Ferrey, Benjamin (DNB00)
FERREY, BENJAMIN (1810–1880), architect, was born at Christchurch, Hampshire, on 1 April 1810. He was the youngest son of a gentleman of Huguenot extraction, whose family settled in England on the revocation of the edict of Nantes. He early evinced a taste for drawing and a love of sketching old buildings, and at the age of thirteen made very correct drawings of the interior of the fine old priory church of his native place. While at the grammar school of Wimborne in Dorsetshire, where he received his early education, he used to spend hours drawing in the ancient minster, and he eventually became, indeed, one of the best architectural draughtsmen of his day. At an early age he was placed by his father with the elder Pugin. He accompanied his master on many excursions for the purpose of measuring and drawing mediæval buildings in England and Normandy, while as an inmate of Pugin's house he benefited by a discipline somewhat rigorously enforced by Mrs. Pugin, and humorously described in the ‘Recollections’ of the elder and younger Pugins afterwards published by him. Many of the drawings published by the elder Pugin were executed by his pupils, and a large proportion of those in his ‘Ornamental Bargeboards’ and his ‘Gothic Ornaments’ bear the signature of Ferrey. After several years spent in this excellent school of practice Ferrey entered the office of Wilkins, who employed him upon the detail drawings of the National Gallery; and being thus fortunately brought under the influence of the classic school he was effectually weaned from a bigoted attachment to the Gothic revival, in which he had been an early worker. In 1834 he brought out, in conjunction with Brayley [q. v.], his ‘Antiquities of the Priory Church of Christchurch, Hants,’ and soon afterwards commenced business as an architect in Great Russell Street, Bloomsbury, on a site now occupied by the British Museum. His first important commission was the laying out of the estate of Sir George Gervis at Bournemouth. The oldest part of the present town on the east cliff, including the Bath Hotel, opened in 1838, and adjacent villas, was designed by and erected under the superintendence of Ferrey. Another of his earliest clients was the Rev. Thomas Thurlow, nephew of Lord-chancellor Thurlow, to whose old Tudor mansion of Baynard's Park in Surrey he made extensive additions. In 1836 he married his first wife, the daughter of Mr. Lucas of Stapleton Hall, Hornsey. In 1839 he carried out a portion of the County Hospital, Dorchester, and in 1841 he was appointed hon. diocesan architect of Bath and Wells, a post which he held till his death. In 1842 he superintended the restoration of the nave, transepts, and Lady Chapel of Wells Cathedral, and about that time obtained through influential friends considerable professional employment in the county of Dorset. His work at the bishop's palace and chapel at Wells is much admired. In 1843 he designed the costly church of St. James, Morpeth, a successful adaptation of the grander features of the Norman style. In 1845 he designed for the Baroness (then Miss) Burdett Coutts the church of St. Stephen, Rochester Row, Westminster, and the handsome schools and vicarage also erected by her about the same time in what was then a poor neighbourhood. During the next twenty years he was one of the best employed and best liked architects of his day. His professional skill and reputation gained him many clients whom his winning manners and the evenness of his temper enabled him to retain as friends. His practice probably lay most largely in ecclesiastical architecture, mainly Gothic. He was one of the consulting architects of the Incorporated Church Building Society. A very full list of his works will be found in the ‘Builder,’ cited below. During the latter years of his practice he was associated with his son, Edward Benjamin Ferrey, who succeeded him in business. His last work was the Duke of Connaught's mansion at Bagshot Park, commenced in 1877. In the same year he had a slight attack of paralysis, and died at Inverness Terrace, London, 22 Aug. 1880. Ferrey was one of the original members of the Architectural Society, and took an interested part in the formation of the Royal Architectural Museum. In 1839 he became a fellow of the Royal Institute of British Architects, of which he was twice vice-president, and at his death one of the oldest members. He contributed many papers to its proceedings, and in 1870 was recommended as the recipient of the royal gold medal. He acted as secretary to the committee of architects in the competition for the houses of parliament, and himself contributed a design. In 1863 he was elected a fellow of the Society of Antiquaries. His only literary production is his ‘Recollections of A. N. Welby Pugin and his father, Augustus Pugin,’ a work which modesty induced him to defer publishing until 1861. It gives a faithful and interesting account of the lives of the Pugins, father and son, and presents a valuable history of the ‘Gothic revival in English architecture.’ Ferrey was particularly severe in his denunciation of the increasingly prevalent union of the work of the contractor with the profession of architect. In the ‘Builder’ is published an interesting letter from him, deprecating in pithy terms the evils of the system. His favourite relaxation was music. While in the full tide of professional employment he invented and patented an effective and cheap mode of stamping plaster, which was used in several of the churches erected by him. In private life his good temper and genial humour were conspicuous. With young architects he was always popular. He was survived by a second wife, whom he married in 1872. By his first wife he had two daughters and a son. They also survived him.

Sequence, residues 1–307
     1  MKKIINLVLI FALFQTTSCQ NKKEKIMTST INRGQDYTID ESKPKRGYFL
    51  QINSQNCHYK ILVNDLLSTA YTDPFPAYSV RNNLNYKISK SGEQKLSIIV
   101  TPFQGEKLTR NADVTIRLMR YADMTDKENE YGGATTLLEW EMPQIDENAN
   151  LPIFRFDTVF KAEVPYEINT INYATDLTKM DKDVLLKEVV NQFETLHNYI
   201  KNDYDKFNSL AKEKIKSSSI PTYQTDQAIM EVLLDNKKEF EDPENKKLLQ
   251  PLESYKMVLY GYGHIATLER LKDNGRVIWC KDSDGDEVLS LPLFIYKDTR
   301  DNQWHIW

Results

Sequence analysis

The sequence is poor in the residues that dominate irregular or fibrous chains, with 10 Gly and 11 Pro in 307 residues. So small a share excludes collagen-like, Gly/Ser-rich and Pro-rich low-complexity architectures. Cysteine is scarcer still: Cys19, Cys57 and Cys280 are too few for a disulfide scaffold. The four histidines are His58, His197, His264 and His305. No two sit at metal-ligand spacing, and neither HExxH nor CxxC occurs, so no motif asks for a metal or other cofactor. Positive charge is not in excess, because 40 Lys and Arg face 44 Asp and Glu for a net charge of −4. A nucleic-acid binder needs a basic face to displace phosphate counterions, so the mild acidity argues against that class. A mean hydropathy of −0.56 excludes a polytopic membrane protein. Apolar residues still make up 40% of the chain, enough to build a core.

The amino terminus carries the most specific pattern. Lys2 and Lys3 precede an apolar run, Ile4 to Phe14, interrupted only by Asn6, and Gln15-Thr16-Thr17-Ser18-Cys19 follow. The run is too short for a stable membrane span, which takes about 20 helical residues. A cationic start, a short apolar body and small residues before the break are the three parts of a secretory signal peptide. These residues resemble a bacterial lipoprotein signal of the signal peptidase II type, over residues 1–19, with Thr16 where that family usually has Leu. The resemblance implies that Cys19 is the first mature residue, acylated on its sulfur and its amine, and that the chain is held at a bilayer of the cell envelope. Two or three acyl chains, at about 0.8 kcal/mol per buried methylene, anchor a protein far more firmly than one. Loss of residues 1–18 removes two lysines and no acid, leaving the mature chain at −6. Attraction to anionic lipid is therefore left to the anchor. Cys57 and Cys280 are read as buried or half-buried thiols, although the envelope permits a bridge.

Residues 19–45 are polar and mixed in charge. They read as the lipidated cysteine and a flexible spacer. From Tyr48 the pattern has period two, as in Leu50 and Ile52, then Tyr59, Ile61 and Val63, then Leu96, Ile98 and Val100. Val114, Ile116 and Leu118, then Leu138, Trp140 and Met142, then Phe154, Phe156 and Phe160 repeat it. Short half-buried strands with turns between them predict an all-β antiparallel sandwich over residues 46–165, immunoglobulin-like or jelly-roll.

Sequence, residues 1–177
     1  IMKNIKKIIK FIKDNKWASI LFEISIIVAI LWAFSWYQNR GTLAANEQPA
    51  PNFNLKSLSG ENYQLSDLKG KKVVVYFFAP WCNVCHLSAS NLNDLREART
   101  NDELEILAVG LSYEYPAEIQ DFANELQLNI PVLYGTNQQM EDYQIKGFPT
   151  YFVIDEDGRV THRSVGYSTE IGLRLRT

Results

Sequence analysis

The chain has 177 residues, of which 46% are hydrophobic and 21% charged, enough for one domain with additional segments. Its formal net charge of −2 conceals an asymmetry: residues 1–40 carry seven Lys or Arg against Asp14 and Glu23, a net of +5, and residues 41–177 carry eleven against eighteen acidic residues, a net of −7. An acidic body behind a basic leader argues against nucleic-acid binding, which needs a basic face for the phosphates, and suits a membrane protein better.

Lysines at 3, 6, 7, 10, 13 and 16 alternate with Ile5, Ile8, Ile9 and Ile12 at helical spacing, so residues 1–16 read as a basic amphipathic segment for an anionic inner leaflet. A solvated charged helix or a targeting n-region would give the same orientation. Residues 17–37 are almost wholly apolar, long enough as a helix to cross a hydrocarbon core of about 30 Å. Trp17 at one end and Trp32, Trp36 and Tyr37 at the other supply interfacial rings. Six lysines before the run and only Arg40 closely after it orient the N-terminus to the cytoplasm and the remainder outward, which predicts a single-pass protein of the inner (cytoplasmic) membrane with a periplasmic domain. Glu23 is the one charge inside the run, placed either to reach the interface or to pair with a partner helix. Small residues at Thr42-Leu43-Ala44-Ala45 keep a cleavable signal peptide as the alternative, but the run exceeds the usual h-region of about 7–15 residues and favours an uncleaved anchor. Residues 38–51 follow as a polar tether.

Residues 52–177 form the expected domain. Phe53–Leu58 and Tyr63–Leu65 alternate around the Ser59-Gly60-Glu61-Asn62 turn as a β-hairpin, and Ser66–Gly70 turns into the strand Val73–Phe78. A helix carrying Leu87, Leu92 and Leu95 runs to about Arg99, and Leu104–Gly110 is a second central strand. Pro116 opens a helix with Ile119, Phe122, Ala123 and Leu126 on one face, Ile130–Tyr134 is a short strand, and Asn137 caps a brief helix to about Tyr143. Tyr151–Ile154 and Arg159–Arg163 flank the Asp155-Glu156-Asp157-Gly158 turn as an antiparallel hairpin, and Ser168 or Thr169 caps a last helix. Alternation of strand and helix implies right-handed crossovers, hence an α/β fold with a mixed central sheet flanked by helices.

[Builder, 4 Sept. 1880, xxxix. 281; Recollections of A. N. Welby Pugin, &c., with Notices of their Works, by Benjamin Ferrey, Architect, F.R.I.B.A., London, 1861; Antiquities of the Priory Church of Christchurch, Hants, &c., by B. Ferrey, the literary part by E. W. Brayley, London, 1834.]